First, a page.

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Turbulence and surface-layer parameterizations for mesoscale models Dmitrii V. Mironov German Weather Service, Offenbach am Main, Germany Croatian - USA Workshop on Mesometeorology, Ekopark Kraš Resort near Zagreb, Croatia June 2012.

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Budget equations for the second-order turbulence moments Parameterizations (closure assumptions) of the dissipation, third-order transport, and pressure scrambling A hierarchy of truncated second-order closures – simplicity vs. physical realism The surface layer Effects of water vapour and clouds Stably stratified PBL over temperature-heterogeneous surface – LES and prospects for improving parameterizations Conclusions and outlook Outline Croatian - USA Workshop on Mesometeorology, Ekopark Kraš Resort near Zagreb, Croatia June 2012.

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References Croatian - USA Workshop on Mesometeorology, Ekopark Kraš Resort near Zagreb, Croatia June Mironov, D. V., 2009: Turbulence in the lower troposphere: second-order closure and mass-flux modelling frameworks. Interdisciplinary Aspects of Turbulence, Lect. Notes Phys., 756, W. Hillebrandt and F. Kupka, Eds., Springer-Verlag, Berlin, Heidelberg, doi: / )

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Recall a Trivial Fact … Transport equation for a generic quantity f Split the sub-grid scale (SGS) flux divergence Convection (quasi-organised) mass-flux closure Turbulence (quasi-random) ensemble-mean closure

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Energy Density Spectrum ln(E) ln(k) Resolved scales ( -1 is effectively a mesh size) Quasi-random motions (turbulence closure schemes) Quasi-organized motions (mass-flux schemes) Sub-grid scales Viscous dissipation Cut-off at very high resolution (LES, DNS)

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Temperature (heat) flux Reynolds stress Second-Moment Budget Equations Temperature variance

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Turbulence kinetic energy (TKE) Second-Moment Budget Equations (contd) (Monin and Yaglom 1971)

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Time-rate-of-change, advection by mean velocity Physical Meaning of Terms Mean-gradient production/destruction Buoyancy production/destruction) Coriolis effects Third-order transport (diffusion) Pressure scrambling Viscous dissipation

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Closure Assumptions: Dissipation Rates Transport equation for the TKE dissipation rate Simplified (heavily parameterized) ε -equation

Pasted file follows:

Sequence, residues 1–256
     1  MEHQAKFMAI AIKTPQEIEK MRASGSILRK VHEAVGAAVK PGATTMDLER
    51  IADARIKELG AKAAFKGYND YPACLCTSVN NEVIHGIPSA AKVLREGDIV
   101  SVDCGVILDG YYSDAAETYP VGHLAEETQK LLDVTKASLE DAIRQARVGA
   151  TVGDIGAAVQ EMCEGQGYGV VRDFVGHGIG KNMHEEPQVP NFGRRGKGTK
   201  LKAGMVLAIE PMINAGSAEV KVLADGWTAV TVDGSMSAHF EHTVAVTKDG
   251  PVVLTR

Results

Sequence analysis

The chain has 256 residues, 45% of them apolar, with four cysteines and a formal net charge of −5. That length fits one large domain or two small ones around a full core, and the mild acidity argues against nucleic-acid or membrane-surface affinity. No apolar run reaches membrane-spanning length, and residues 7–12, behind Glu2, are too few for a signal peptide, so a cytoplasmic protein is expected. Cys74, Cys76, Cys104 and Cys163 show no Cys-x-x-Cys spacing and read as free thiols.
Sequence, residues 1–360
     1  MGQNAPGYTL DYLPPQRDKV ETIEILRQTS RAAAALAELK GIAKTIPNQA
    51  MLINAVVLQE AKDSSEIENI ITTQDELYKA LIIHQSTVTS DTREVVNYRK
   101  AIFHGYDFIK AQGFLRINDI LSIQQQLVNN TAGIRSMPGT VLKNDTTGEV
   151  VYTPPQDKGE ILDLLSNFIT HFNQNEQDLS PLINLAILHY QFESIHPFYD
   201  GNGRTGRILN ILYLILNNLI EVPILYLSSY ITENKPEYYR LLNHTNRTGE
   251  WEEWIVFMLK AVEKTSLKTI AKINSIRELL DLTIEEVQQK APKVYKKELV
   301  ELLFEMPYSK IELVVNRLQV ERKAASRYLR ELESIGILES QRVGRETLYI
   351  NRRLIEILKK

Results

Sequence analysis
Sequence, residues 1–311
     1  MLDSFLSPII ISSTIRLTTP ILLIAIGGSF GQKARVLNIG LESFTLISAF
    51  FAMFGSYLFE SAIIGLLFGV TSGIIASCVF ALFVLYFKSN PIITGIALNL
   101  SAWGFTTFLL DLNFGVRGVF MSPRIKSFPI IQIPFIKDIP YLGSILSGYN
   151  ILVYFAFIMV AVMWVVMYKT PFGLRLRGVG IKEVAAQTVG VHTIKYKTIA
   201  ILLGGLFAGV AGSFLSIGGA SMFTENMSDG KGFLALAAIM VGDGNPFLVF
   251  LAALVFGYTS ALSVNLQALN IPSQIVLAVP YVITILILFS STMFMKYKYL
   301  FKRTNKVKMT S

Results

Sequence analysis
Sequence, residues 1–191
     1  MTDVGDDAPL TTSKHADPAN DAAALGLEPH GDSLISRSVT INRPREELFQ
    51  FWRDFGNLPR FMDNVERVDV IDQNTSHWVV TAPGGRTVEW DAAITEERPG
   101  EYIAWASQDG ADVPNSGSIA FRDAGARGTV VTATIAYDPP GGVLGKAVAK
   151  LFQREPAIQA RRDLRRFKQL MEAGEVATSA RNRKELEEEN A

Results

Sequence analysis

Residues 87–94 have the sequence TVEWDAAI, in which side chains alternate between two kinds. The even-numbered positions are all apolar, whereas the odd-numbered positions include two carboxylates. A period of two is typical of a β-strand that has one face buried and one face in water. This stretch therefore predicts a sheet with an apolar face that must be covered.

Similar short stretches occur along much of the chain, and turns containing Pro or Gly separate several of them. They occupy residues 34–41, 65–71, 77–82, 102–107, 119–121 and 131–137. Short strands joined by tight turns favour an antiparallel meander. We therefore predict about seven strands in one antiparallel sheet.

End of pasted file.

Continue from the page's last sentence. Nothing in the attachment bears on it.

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Closure Assumptions: Dissipation Rates (contd) Algebraic diagnostic formulations (Kolmogorov 1941) Closures are required for the dissipation time or length scales!

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Closure Assumptions: Third-Order Terms Numerous parameterizations, ranging from simple down- gradient formulations, to very sophisticated high-order closures.

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Closure Assumptions: Third-Order Terms (contd) take transport equations for all (!) third-order moments involved, neglect / t and advection terms, use linear parameterizations for the dissipation and the pressure scrambling terms, use Millionshchikov (1941) quasi-Gaussian approximation for the forth-order moments, An advanced model of third-order terms (e.g. Canuto et al. 1994) The results is a very complex model (set of sophisticated algebraic relations) that still has many shortcomings.

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Accounts for non-local transport due to coherent structures, e.g. convective plumes or rolls – mass-flux ideas! (Gryanik and Hartmann 2002) Skewness-Dependent Parameterization of Third-Order Transport Down-gradient term (diffusion) Non-gradient term (advection)

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Skewness-Dependent Parameterization of Third-Order Transport (contd) Plume/roll scale advection velocity

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Analogies to Mass-Flux Approach A top-hat representation of a fluctuating quantity After M. Köhler (2005) Updraught Downdraught (environment) Only coherent top-hat part of the signal is accounted for